Vitamin K is also known for its anticancer activity [16]. Initially it was known for its nutritional activities that mediate clotting mechanisms in human beings [17,18]. However, vitamin K1, K2 and K3 were shown anticancer potential [19]. Research evidence is available to show the anticancer activity of vitamin K mediated by acting on tyrosine kinases and phosphatases, modulating various transcription factors such as Myc and Fos [16].

As the natural compounds have difficulty in achieving pharmacological concentrations in blood, numerous nano formulations, sustained release dosage forms, targeting delivery and other approaches need to be used. They have been shown significant efficiency in cancer and also in other forms of diseases [20-25]. Formulation type can alter their biological activity in favor of cancer treatment [26-29].

Intake of Vitamins and Cancer Risk

Early research is available, where scientists studied the correlation between intake of vitamins in diet and women breast cancer risk [30]. The analysis was conducted in a total of 121, 700 women in multiple regions. The study participants were provided with a questionnaire. In that they have to answer questions regarding their menopausal status, suspected risk of cancer and cardiovascular diseases, parity and any known risk factors regarding cancer or other diseases. They were also asked about their diet to estimate the impact of dietary constituents in cancer occurrence. The diet was calculated to measure their vitamin content, apart from calculating any multivitamin supplements they have been taking. Vitamin A intake had inverse relation with the breast cancer incidence. At the same time, there was no inverse relation between vitamin C and E to the breast cancer incidence. This can be because of failure to reach therapeutic levels in the body. Moreover, when the dietary vitamin A levels are sufficient enough, the separate supplementation of the same does not have any significant effect on breast cancer risk [30,31].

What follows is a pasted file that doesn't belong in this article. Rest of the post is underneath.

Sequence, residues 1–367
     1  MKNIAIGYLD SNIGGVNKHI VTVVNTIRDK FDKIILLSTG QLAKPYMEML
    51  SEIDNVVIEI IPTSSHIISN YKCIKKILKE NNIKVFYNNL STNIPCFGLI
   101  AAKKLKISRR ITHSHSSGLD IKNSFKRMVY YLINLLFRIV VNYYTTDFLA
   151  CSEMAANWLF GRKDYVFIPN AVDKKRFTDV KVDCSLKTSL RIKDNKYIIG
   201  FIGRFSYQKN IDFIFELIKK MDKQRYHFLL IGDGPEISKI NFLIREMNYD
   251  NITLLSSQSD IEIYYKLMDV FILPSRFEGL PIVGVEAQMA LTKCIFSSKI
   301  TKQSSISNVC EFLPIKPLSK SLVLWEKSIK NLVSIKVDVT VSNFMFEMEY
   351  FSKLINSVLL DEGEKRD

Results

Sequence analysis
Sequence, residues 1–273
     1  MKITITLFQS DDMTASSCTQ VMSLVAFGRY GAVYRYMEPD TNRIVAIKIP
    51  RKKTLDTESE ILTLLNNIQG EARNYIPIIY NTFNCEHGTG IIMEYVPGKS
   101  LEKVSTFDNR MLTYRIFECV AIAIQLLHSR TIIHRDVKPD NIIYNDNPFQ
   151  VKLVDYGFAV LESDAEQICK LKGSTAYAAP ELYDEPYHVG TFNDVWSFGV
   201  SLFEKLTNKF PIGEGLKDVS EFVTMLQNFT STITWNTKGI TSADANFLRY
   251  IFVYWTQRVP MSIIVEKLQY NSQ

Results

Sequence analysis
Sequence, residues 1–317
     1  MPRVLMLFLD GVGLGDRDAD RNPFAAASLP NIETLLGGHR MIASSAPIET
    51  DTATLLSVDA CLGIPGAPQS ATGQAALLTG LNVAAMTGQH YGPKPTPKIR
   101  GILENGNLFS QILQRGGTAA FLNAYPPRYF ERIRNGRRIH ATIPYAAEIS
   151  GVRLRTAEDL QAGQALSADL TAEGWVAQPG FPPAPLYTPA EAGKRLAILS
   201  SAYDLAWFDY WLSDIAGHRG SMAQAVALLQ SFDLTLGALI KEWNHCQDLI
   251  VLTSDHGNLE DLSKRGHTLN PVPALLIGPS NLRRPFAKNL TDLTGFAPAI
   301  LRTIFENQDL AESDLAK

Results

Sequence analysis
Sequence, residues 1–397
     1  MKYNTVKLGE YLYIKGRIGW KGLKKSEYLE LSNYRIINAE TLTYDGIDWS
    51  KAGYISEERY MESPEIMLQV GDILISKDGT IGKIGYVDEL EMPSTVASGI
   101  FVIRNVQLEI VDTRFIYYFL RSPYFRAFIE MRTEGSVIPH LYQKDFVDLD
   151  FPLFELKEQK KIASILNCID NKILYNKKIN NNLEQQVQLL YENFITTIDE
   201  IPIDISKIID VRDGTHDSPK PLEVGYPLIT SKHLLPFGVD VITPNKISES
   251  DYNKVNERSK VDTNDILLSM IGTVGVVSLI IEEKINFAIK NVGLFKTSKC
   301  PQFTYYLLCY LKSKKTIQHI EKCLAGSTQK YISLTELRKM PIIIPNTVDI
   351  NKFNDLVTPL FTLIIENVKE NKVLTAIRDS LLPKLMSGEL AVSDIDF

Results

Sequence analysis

Vitamin D Analogs